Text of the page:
The Exchange of Value
The existential question for every organization, regardless of the sector it is in, is how to create value. It is their reason for being. The farmers who grow our food, the carpenter, family-run corner stores, community businesses, and multinational corporations all deliver value in unique ways. So do governments and charities. In every exchange of value consumers seek to maximize the value they receive. Providers compete to create value in new ways or to provide it at a lower cost.
The economic system is a rich tapestry of interlinked value chains, where every chain is a sequence of steps required to produce a finished product or service. The value an organization creates dictates its role and position in the chain. All of these chains together create a value web that links the entire economy. Every product or service is embedded in something else. Value is determined not only by the products and services an organization provides, but also where and how.
The value web is similar to the food webs that link species in ecosystems.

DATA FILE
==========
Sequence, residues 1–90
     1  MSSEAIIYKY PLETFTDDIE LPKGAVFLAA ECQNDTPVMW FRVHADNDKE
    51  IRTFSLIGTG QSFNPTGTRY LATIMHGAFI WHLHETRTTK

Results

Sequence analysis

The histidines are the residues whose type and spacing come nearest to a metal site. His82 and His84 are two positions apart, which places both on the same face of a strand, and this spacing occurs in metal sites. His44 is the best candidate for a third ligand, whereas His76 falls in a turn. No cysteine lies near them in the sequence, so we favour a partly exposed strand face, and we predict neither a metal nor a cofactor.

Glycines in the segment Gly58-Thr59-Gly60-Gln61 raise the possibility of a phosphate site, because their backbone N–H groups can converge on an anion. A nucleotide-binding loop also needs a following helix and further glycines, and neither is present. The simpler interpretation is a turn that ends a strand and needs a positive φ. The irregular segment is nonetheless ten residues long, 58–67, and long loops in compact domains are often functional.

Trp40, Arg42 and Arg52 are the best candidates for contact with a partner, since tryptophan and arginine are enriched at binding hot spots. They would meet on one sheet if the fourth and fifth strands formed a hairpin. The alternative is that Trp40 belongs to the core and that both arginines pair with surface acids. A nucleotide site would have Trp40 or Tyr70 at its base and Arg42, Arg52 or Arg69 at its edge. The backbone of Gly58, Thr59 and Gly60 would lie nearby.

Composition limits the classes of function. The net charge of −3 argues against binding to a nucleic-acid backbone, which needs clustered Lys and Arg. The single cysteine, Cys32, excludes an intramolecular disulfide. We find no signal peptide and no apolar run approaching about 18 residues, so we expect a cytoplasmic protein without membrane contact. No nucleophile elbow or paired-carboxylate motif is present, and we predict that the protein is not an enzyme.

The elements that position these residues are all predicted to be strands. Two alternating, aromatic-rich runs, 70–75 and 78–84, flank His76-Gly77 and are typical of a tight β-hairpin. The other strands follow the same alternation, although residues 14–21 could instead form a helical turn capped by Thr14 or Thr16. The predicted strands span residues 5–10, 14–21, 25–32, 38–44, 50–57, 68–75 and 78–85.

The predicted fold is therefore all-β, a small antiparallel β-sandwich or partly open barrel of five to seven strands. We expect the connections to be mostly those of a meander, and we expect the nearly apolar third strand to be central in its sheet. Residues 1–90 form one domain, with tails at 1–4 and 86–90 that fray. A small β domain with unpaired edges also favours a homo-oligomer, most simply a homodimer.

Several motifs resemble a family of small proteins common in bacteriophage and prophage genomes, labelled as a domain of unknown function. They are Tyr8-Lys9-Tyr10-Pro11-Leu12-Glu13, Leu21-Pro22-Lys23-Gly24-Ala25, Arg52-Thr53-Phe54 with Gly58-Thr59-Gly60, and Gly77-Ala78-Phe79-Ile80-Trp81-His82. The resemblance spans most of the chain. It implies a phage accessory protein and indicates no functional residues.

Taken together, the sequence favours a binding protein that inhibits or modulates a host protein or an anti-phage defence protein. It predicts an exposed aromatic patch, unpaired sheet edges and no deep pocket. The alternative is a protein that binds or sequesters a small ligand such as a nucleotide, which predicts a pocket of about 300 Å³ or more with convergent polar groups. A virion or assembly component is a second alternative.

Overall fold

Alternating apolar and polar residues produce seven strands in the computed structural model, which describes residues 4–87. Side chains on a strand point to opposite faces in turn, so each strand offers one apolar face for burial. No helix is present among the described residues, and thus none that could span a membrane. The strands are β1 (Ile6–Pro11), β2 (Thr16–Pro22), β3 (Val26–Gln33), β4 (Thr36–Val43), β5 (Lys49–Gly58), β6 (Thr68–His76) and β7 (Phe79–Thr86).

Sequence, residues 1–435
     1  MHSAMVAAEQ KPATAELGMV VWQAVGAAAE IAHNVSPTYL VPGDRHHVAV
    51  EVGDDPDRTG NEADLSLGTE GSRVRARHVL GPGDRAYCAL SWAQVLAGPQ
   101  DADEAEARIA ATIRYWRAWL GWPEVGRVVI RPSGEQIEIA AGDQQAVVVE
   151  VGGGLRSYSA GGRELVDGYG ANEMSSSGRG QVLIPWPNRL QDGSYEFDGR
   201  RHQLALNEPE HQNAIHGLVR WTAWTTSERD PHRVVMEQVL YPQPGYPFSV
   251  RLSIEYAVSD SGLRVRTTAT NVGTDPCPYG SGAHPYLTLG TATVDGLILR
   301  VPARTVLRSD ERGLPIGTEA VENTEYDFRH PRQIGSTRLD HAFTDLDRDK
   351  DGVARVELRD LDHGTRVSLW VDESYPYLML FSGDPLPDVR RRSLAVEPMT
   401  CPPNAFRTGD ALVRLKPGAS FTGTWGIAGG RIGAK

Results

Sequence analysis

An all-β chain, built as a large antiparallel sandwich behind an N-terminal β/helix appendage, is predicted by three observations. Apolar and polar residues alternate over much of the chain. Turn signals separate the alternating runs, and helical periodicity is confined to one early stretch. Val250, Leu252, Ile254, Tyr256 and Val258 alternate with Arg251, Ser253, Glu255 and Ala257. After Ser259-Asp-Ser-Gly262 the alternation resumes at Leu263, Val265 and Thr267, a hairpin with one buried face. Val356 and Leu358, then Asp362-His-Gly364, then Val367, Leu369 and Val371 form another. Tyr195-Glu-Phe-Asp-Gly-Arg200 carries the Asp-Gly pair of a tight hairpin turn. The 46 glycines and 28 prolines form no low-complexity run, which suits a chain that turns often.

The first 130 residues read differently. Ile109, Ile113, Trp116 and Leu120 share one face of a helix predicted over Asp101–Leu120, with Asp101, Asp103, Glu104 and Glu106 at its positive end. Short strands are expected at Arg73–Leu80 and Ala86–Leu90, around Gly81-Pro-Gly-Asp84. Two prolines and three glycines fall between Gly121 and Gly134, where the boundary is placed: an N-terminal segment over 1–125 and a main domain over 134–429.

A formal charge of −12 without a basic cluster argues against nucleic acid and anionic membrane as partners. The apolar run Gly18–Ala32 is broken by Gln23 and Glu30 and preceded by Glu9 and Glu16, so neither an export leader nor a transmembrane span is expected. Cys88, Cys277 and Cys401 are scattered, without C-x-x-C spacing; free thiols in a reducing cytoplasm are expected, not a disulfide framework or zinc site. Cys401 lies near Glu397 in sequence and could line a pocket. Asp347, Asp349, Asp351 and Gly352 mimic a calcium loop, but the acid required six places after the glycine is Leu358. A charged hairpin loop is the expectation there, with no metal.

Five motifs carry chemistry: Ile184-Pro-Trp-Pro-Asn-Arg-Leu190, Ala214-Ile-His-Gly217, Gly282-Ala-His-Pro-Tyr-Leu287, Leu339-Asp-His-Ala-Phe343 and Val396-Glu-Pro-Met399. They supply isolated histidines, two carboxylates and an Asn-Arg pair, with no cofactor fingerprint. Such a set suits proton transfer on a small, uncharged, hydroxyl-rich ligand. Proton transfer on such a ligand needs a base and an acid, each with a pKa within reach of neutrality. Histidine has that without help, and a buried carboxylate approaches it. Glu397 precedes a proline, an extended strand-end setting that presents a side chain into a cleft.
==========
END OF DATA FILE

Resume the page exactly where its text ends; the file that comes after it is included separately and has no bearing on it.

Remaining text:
Food web in a reef ecosystem. Source:
Pacific Island Fisheries Science Center, NOAA.
As in nature, new opportunities emerge. Every participant in the economy needs to meet the constantly changing and evolving needs of others.
Immediate payment may be made when value is exchanged, but frequently it is not. Governments cover their costs through taxes and are accountable to citizens for results. The social sector is funded by subsidies and donations, and delivers value in the form of social impact.
In their book Business Model Generation: A Handbook for Visionaries, Game Changers, and Challengers, Alexander Osterwalder and Yves Pigneur describe multiple dimensions of value. While originally written for use in business, these are applicable to any sector.